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hydrogen

Posted: Sat Dec 07, 2019 12:45 pm
by 905174774
FOr hydrogen bonds, it can be with any molecule or only with, F,O,N atoms to be considered a chemical bonds?

Re: hydrogen

Posted: Sat Dec 07, 2019 12:47 pm
by AVerma_F19
The hydrogen in question must be bound to a Nitrogen, Oxygen or Fluorine. This is so that the electron density is almost completely pulled away from the hydrogen, essentially having it become an exposed proton that can bind to any lone pairs. The lone pairs, however, can come from any atom (typically also an N, O, or F).

Re: hydrogen

Posted: Sat Dec 07, 2019 3:00 pm
by Jesse Anderson-Ramirez 3I
The Hydrogen must be bound to an F, O, or N.

Re: hydrogen

Posted: Sun Oct 25, 2020 6:25 pm
by rita_debbaneh2G
Hydrogen bonding is when a hydrogen atom bonded to a much more electronegative atom (essentially F, O, or N) forms an attraction to an H atom bonded to another such electronegative atom. The ability for these H atoms to form an attraction to other H atoms relies on polarity resulting from bonding with the F, O, or N, so if an H atom is bonded to any random molecule, the H bonding wouldn't be possible because the polarity might not be strong enough for this to occur.

Re: hydrogen

Posted: Sun Oct 25, 2020 10:43 pm
by joshtully
Hydrogen bounds are only found on oxygen, fluorine, and nitrogen.

Re: hydrogen

Posted: Sun Oct 25, 2020 11:01 pm
by Maryeli Garay 2H
The Hydrogen has to bond with F N or O, because they are more electronegative than H.

Re: hydrogen

Posted: Fri Oct 30, 2020 8:34 am
by Jiapeng Han 1C
For hydrogen bond, H atom must be bonded to a very electronegative atom such as N, O, or F so that the only electron of hydrogen atom is nearly completely pulled over to the lone pair electronegative atom.

Re: hydrogen

Posted: Sun Nov 01, 2020 2:14 pm
by Heidi Buri 2I
Hydrogen bonding can occur when a hydrogen binds to either fluorine, oxygen or nitrogen. This only occurs with these three elements due to their electronegative properties. Fluorine, Oxygen, and Nitrogen are all very electronegative, so when they bing to hydrogen bonds there are partial negative and positive poles that allow the hydrogen bonds to occur.

Re: hydrogen

Posted: Sun Nov 01, 2020 5:15 pm
by Brian_Wu_3B
N, O, and F are super electronegative because they have minimal shielding (due to having less electrons) and they are really close to their octet. Hydrogen, having only one proton, can't hold onto its single electron as well, so the N, O , and F essentially hog them.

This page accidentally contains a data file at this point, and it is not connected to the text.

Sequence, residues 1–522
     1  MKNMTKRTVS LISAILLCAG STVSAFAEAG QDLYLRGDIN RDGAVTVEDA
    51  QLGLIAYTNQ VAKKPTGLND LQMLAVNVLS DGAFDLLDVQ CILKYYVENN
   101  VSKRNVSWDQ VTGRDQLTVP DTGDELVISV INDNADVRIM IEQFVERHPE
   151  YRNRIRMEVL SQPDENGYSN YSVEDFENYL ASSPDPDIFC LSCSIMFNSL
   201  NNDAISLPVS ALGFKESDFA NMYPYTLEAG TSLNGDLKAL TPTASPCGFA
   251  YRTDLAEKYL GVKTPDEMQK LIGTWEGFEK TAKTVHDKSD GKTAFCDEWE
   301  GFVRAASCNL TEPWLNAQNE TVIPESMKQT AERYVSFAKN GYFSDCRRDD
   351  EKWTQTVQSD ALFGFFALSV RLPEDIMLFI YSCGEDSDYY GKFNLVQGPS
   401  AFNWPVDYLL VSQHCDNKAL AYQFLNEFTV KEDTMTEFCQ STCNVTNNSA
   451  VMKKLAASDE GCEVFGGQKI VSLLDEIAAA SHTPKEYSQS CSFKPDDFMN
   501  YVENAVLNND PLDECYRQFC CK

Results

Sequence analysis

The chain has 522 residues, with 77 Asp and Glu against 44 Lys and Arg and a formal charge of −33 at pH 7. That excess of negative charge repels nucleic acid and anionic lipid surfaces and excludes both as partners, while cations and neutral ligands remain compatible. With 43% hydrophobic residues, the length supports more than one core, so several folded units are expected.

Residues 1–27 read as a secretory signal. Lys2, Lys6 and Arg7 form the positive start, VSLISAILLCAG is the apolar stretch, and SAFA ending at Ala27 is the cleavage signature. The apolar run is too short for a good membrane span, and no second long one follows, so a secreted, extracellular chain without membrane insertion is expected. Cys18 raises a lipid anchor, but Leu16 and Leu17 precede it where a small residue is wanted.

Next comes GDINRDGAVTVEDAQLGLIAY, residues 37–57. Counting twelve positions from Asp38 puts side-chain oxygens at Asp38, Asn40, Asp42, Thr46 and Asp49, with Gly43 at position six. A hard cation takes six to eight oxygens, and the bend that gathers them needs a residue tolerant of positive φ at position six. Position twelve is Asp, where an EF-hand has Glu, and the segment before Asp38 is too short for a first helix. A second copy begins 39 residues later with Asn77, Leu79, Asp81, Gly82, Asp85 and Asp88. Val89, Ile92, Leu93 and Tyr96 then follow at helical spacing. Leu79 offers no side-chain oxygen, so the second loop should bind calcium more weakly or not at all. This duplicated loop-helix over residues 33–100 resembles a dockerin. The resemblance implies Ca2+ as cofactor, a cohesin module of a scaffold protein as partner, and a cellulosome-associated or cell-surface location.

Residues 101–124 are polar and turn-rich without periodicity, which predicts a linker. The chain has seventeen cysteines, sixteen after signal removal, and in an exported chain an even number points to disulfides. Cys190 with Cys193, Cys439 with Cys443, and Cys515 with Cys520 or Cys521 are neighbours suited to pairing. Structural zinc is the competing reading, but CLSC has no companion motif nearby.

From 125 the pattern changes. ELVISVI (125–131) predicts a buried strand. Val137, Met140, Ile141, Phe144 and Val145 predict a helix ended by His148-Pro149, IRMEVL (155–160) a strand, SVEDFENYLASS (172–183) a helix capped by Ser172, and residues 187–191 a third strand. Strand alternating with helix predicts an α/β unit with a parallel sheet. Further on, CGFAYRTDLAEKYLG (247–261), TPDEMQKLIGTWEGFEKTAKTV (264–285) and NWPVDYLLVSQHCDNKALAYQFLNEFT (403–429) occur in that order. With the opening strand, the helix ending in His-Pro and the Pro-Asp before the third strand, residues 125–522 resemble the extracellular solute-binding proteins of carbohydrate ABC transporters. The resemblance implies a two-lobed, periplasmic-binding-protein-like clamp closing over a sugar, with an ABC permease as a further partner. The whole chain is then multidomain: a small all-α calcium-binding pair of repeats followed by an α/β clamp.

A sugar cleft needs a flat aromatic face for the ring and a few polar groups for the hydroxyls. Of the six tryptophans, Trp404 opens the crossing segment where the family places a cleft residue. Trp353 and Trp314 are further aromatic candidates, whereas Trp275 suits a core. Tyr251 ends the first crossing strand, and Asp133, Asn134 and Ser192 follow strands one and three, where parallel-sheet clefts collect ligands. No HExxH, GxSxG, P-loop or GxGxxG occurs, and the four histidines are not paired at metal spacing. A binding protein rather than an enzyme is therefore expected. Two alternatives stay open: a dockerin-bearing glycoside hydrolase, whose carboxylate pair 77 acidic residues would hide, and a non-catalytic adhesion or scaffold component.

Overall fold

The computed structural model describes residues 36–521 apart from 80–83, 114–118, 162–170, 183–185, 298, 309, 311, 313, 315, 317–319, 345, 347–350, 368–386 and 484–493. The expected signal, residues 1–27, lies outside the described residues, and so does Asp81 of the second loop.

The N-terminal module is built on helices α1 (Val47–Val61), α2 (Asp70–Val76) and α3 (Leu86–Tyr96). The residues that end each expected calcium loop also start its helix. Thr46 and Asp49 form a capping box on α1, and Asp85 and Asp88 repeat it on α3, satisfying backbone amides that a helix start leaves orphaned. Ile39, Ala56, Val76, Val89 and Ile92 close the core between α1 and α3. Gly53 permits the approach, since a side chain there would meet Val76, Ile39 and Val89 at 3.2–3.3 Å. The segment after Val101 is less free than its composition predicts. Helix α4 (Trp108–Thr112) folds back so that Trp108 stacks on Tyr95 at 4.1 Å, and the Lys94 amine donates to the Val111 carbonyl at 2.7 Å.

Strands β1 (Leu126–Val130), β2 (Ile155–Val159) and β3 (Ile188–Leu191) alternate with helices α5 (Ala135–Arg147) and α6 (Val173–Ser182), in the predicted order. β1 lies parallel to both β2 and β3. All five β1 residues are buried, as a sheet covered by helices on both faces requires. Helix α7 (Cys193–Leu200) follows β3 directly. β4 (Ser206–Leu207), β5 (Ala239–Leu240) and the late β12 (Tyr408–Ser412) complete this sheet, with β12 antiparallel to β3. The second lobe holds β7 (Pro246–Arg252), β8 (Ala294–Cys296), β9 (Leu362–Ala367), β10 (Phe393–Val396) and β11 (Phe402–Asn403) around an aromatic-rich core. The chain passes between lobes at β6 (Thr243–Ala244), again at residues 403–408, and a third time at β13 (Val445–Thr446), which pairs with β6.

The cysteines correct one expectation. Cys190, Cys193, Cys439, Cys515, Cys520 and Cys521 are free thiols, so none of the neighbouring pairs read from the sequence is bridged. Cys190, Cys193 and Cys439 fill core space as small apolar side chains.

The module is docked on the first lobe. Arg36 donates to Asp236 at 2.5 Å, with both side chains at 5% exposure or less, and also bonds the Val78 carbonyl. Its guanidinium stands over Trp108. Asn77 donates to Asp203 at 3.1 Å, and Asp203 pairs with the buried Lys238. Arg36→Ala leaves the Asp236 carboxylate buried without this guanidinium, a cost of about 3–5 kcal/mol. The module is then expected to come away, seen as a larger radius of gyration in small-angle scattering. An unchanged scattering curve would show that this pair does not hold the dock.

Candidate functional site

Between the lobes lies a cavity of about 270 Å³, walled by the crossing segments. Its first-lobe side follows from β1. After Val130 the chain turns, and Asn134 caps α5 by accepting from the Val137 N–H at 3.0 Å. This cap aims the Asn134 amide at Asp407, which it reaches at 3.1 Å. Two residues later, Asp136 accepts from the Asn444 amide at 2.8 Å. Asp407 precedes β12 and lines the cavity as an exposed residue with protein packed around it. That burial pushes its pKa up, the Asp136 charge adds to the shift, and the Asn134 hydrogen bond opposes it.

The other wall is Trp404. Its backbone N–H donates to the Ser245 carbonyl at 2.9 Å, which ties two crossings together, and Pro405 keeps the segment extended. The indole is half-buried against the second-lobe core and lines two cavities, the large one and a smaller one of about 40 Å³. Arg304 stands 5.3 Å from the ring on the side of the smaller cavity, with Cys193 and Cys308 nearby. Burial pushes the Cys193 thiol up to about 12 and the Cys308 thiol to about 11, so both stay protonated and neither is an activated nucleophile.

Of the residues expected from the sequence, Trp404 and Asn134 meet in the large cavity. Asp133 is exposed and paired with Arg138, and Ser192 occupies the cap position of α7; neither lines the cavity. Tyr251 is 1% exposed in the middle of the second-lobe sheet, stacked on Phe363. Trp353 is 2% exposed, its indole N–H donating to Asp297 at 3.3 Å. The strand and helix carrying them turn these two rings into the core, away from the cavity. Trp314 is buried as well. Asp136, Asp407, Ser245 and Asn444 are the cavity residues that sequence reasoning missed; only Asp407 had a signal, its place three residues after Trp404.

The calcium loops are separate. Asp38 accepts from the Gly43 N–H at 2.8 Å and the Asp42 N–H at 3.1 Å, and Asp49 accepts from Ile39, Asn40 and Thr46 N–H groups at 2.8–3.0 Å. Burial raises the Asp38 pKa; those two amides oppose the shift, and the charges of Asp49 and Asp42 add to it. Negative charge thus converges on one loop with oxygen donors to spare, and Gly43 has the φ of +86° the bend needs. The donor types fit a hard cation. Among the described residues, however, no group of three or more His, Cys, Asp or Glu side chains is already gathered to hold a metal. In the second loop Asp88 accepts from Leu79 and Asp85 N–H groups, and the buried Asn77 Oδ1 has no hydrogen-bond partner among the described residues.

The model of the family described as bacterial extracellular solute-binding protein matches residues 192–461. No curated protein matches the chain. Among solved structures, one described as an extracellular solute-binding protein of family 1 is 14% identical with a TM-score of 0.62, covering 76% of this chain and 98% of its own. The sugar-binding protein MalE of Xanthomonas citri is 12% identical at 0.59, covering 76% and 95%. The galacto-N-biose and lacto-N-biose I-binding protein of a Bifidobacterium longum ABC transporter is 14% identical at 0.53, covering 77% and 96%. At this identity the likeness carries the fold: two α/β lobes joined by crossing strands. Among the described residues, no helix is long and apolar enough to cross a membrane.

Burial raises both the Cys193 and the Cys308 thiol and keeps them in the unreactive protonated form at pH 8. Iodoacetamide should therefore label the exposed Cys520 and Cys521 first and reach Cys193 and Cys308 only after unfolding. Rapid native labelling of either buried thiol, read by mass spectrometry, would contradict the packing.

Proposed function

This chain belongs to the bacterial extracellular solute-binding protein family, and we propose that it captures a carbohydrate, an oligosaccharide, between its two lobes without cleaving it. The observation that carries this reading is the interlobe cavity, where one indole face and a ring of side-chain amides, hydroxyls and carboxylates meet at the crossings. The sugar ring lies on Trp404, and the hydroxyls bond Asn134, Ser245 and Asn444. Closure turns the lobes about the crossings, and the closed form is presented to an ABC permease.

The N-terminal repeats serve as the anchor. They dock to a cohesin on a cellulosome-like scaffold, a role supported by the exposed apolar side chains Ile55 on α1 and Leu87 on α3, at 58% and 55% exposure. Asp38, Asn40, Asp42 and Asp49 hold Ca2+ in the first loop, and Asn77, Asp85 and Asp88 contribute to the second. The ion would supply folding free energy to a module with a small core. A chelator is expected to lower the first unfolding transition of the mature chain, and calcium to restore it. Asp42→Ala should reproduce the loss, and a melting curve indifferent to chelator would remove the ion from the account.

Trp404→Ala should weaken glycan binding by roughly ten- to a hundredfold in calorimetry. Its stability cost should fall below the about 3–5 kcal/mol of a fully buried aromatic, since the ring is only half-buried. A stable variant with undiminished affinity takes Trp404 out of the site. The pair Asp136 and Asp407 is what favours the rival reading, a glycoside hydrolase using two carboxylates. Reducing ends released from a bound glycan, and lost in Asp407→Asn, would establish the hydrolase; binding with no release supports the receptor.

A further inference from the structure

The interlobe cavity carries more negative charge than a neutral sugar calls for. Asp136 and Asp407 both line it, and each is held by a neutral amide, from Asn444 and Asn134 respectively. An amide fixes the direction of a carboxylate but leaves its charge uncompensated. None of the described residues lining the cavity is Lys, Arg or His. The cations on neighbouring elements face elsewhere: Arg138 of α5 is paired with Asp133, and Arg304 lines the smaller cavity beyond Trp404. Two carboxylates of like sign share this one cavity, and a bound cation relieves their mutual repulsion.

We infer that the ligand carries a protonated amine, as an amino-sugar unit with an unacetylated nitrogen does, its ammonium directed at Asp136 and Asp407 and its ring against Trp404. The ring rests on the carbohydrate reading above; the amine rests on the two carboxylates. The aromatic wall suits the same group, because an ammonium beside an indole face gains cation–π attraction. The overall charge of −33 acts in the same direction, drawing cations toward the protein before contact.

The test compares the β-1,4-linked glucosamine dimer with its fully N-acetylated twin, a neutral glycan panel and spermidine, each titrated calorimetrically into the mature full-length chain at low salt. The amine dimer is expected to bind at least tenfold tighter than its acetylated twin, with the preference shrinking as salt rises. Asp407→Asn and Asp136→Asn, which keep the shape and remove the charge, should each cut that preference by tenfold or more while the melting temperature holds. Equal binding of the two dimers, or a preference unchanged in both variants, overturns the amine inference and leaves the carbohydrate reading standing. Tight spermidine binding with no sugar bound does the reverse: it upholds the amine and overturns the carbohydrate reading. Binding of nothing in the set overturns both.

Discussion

Re: hydrogen

Posted: Sun Nov 01, 2020 5:32 pm
by AlbertGu_2C
Hydrogen bonds are only able to be established on those 3 elements due to how electronegative they are relative to Hydrogen

Re: hydrogen

Posted: Sun Nov 01, 2020 9:13 pm
by David Liu 1E
N, O, and F have the strongest attraction to a hydrogen because they are all really close to their octet, and it was mentioned that in most of the time we would see hydrogen primarily bind to these elements

Re: hydrogen

Posted: Sun Nov 01, 2020 9:13 pm
by Aliya Roserie 3I
N,F,O are typically the ones we see forming hydrogen bonds.

Re: hydrogen

Posted: Sun Nov 01, 2020 9:15 pm
by Katie Nye 2F
A hydrogen bond is only possible between hydrogen and either fluorine, oxygen, or nitrogen. I always remember this by "a hydrogen bond can only be formed by a Freak Of Nature (FON)"

Re: hydrogen

Posted: Sun Nov 01, 2020 9:24 pm
by Ethan Goode 2H
It is typically F, O, or N in a hydrogen bond. The key to hydrogen bonds is that the hydrogen has a partial positive charge due to its low electronegativity, which is able to bond with the partial negative of another atom due to its high electronegativity.

Re: hydrogen

Posted: Sun Nov 01, 2020 9:27 pm
by Adrienne Chan 1G
The only requirements for hydrogen bonds are that the hydrogen in one molecule must have a slight positive charge and F, O, or N must have a slight negative charge. Hydrogen bonds are not "true bonds" as they form between different molecules.

Re: hydrogen

Posted: Sun Nov 01, 2020 9:29 pm
by Jack Kettering 3D
For there to be a hydrogen bond the hydrogen must be bonded to either Nitrogen, Oxygen, or Fluorine :)

Re: hydrogen

Posted: Sun Nov 01, 2020 9:44 pm
by Danielle Goldwirth 3F
Yes, the hydrogen must be bonded to an O, N, or F atom because these atoms are highly electronegative which will result in a polar molecule in which the H atoms can have a partial positive charge that will allow them to bond to the partial negative charges on the other F, O, or N atoms of another molecule.

You may come across an H atom that is bonded to a Carbon atom, and you must know that this CANNOT form a hydrogen bond with itself (the same molecule) because H and C have similar electronegativities and thus the H will not have a partial positive charge to be able to bond to an electronegative atom.

Re: hydrogen

Posted: Sun Nov 01, 2020 11:54 pm
by Jarrett Sung 3B
Hydrogen bonds only occur with O, N, and F because of their high electronegativities that interact with the low electronegativity of the H. This results in the partial positive charge on the H interacting with the partial negative of another atom.

Re: hydrogen

Posted: Sun Nov 01, 2020 11:59 pm
by Teti Omilana 1G
Hydrogen bonds only occur with N, O, or F because they have to be bonded to a highly electronegative atom. Nitrogen, Oxygen, and Fluorine are the only atoms with a high enough electronegativity for this to occur!

Re: hydrogen

Posted: Mon Nov 02, 2020 8:21 am
by Aria Movassaghi 1A
Hydrogen has to be bonded with Nitrogen, Oxygen, or Fluorine.